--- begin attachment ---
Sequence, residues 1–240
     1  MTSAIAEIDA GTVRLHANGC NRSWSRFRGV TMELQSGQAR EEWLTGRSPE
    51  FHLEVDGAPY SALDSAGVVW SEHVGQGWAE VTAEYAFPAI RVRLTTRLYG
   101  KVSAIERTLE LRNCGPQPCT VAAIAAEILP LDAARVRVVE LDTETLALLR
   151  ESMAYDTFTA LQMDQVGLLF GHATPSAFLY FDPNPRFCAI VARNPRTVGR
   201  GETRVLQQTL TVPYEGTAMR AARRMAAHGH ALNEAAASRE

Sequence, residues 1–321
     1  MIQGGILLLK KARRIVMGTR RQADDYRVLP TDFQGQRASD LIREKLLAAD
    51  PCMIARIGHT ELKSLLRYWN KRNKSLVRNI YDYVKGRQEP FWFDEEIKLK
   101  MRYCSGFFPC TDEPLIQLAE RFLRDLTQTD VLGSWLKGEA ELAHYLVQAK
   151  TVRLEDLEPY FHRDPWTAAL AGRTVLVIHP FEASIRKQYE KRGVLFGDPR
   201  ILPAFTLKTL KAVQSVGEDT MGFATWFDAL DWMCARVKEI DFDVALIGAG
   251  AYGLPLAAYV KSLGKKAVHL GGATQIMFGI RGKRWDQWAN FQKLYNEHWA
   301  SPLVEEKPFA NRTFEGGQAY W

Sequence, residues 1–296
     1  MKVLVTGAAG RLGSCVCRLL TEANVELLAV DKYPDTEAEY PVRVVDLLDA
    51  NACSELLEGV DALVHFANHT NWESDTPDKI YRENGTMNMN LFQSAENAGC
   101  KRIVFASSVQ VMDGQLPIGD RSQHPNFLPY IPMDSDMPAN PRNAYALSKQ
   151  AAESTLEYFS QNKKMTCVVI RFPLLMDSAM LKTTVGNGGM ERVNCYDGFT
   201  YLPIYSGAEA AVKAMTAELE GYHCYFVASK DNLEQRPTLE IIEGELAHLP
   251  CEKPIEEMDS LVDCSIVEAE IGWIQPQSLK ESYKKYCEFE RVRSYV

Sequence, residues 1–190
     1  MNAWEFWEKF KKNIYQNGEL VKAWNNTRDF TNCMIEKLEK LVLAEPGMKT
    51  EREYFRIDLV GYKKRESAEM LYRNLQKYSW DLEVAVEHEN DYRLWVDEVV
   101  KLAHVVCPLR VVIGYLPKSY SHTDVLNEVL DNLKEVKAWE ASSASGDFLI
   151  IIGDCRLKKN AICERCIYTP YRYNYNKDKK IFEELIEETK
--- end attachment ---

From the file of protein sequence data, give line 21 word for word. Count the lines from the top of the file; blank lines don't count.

   251  CEKPIEEMDS LVDCSIVEAE IGWIQPQSLK ESYKKYCEFE RVRSYV